Politically idealistic, economically sturdy, and with a knack for a bittersweet pop song, Sweden is the kind of country other European nations might easily envy. Who wouldn’t want to futuristically lead the world in cashless payments, or be the planet’s biggest exporter of pop music per head? But to imagine Sweden doesn’t have everyday problems of its own is to succumb to an unrealistic stereotype.

Last year, for example, Sweden became the first country to lose a music festival – its biggest, no less – to a rape scandal, after reports of four rapes and 23 sexual assaults at Bråvalla’s 2017 event forced organiser FKP Scorpio to shelve it for 2018, and then scrap the tainted brand entirely.

Meanwhile, in November 2017, performers including Zara Larsson, Robyn, First Aid Kit and Icona Pop were among almost 2,000 women in the Swedish music business who put their names to a petition decrying the sexual harassment they point out is endemic in the industry.

But what perhaps still marks Sweden out is its reaction to such issues. Numerous major festivals worldwide have unwittingly played host to sexual assaults, but only in Sweden – where the problem was undeniably extreme – has the event in question fallen on its own sword. And in another pointed response, Gothenburg this summer saw the launch of  The Statement, the world’s first large-scale festival exclusively for women, transgender and non-binary people.

In answer to the petition, not only have the local and regional bosses of Sony, Universal and Warner lent their support and pledged to act, but trade association Musiksverige announced that the quest for a more inclusive industry – “free from antagonistic behaviour, sexual harassment and abuse” – would henceforth take precedence over all its other activities.

All right, Sweden has its failings, but no one can accuse it of refusing to address them.

“I think a lot of good things are happening – the whole #MeToo movement, gender equality progression in festival line-ups – all of that I think is great,” says Ola Broquist, co- founder of booking agency and Way Out West promoter Luger.

All right, Sweden has its failings, but no one can accuse it of refusing to address them

He suggests that, in airing its dirty laundry, Sweden is ahead of many countries who would prefer to bury their own. “In Sweden, we are starting to look at the solutions. I think if you don’t address these things, then you definitely have a problem.”

Setting these things to one side, if it’s possible entirely to do so, live music fares very well in Sweden. Domestic and international revenue from the Swedish music industry amounted to SEK10 billion (£852 million) in 2016, of which concert revenue accounted for 55% (SEK5.5bn or £466m). Between 2009 and 2016, Swedish music industry revenue, domestic and international, increased by just over 50%.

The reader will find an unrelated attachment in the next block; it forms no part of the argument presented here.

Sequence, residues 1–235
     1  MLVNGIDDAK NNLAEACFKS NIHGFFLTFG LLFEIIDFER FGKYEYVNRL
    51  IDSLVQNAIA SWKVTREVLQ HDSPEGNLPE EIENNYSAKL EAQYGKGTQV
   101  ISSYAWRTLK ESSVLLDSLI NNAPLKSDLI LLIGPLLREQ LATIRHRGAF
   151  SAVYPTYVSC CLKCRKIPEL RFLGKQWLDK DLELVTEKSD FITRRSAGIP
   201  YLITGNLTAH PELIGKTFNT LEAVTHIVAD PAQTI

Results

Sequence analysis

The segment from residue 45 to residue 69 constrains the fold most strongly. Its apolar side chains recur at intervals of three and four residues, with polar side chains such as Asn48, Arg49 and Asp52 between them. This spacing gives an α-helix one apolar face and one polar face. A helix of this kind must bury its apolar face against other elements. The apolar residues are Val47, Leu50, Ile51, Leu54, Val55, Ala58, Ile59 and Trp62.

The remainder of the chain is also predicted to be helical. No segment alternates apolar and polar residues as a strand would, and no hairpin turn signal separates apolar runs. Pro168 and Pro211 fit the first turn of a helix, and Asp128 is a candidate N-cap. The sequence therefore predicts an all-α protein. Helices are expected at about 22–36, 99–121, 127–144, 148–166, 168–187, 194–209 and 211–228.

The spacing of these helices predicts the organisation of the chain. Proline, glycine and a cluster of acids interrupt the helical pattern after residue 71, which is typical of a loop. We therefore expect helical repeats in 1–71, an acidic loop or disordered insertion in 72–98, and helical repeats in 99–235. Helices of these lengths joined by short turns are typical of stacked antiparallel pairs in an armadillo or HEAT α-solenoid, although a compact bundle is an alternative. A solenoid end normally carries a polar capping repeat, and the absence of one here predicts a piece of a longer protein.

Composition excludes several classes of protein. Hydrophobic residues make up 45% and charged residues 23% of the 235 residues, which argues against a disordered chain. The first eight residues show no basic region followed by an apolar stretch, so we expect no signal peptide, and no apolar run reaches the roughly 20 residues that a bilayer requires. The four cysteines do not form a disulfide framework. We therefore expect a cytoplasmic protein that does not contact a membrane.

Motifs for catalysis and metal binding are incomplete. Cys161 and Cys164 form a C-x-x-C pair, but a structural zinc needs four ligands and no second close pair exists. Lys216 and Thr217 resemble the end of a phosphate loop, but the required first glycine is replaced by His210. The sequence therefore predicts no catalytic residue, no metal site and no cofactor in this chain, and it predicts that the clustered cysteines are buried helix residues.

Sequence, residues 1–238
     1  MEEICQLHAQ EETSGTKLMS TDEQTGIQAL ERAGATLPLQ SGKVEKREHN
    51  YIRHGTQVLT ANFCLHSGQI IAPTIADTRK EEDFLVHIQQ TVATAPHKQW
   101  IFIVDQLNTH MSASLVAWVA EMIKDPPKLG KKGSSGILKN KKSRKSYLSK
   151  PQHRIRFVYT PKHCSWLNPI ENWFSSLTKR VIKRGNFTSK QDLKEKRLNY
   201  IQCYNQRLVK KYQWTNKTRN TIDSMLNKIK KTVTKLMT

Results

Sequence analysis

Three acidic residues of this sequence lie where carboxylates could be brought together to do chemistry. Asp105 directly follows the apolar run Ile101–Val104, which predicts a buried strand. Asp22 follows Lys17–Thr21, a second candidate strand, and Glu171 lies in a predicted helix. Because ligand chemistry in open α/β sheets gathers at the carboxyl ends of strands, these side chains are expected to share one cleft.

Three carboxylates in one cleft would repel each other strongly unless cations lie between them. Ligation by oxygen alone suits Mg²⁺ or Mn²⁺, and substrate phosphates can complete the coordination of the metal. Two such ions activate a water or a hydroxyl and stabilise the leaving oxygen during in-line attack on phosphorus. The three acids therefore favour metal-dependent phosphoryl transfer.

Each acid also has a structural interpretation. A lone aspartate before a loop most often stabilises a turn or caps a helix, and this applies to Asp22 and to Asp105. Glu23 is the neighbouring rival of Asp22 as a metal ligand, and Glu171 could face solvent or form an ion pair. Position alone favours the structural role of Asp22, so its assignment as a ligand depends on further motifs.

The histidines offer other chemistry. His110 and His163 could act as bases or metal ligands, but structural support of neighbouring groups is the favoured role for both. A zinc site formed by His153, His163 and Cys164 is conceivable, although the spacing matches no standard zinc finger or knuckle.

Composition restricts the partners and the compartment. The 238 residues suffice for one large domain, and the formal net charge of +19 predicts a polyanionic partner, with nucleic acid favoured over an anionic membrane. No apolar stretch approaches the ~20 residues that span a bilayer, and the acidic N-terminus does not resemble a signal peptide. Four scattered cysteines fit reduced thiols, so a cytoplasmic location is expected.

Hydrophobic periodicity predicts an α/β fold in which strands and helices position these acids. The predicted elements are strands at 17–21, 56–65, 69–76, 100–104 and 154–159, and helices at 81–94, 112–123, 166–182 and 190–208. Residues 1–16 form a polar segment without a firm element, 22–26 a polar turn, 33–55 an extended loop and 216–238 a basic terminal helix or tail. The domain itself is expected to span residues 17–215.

Individual festivals may rise and fall, but overall audiences remain strong and incoming tours are generally guaranteed to stop in Stockholm. There are practical concerns: the krona is toiling at its lowest levels against the euro since the financial crisis of 2009; the club scene in Stockholm is under a familiar kind of threat from high rents and typical city pressures; the touring market often verges on saturation; and there has been a rash – not music-related but still dramatic – of hand grenade attacks in Swedish cities. But by and large, Sweden is bearing up.

“I think generally we have a pretty healthy business up here,” says Live Nation Sweden’s joint managing director Anna Sjölund. “We have a steady flow of acts that want to play here and people who want to go to shows. From time to time, we have acts who say they don’t want to come up here and they finish in Germany, but most of them, we do get.”

Promoters
There’s no disputing that Live Nation is by far the strongest promoter in Sweden. In fact, given its full concert schedule and the imminent arrival of a Swedish Lollapalooza due to take place in central Stockholm next June – to add to Way Out West, Summerburst, Sweden Rock and other festivals in its stable – some argue that Live Nation is more dominant in Sweden than in any other nation in the world.

In many ways, it earned its dominance fair and square, building its modern business on the foundations laid down by EMA Telstar, which was bought up in 1999, and whose founder Thomas Johansson remains Live Nation’s Stockholm- based chairman of international music.

“Live Nation has, and always has had, a firm grip on the Swedish market”

Live Nation Sweden added Luger to the fold in 2008, and has more recently bought majority shares in Summerburst and Sweden Rock festivals, as well as shaping up to bring in Lollapalooza in 2019.

“Live Nation has, and always has had, a firm grip on the Swedish market,” says Tobbe Lorentz, United Talent Agency’s Malmö-based senior vice president. “With this expansion, Live Nation controls most aspects of the festival circuit in Sweden.”

Since November 2017, Live Nation Sweden has been under Sjölund and Therése Liljedahl, with a staff of about 115, and business is predictably good.

“We have had a very good year, lots of great shows,” says Sjölund. “We had the fantastic stadium shows with Guns N’ Roses, Jay-Z & Beyoncé, Foo Fighters, and Eminem through Luger. For once, the Swedish summer didn’t get rained away – it’s been really hot, really nice. Really healthy arena business, too. And we are catching our breath now and putting things in place for next year.”

Luger operates as a distinct company within Live Nation, while sharing expertise on certain projects, says Broquist. Lollapalooza is one such joint venture, and Luger is also upping its game in big shows, with Eminem, Coldplay and Mumford & Sons among those it has lately promoted on the biggest stages.

“We will never stop doing the smaller ones – that’s the backbone of the whole thing for us – finding new acts and growing with them,” Broquist adds. “But it is interesting to step up and do some bigger shows as well.”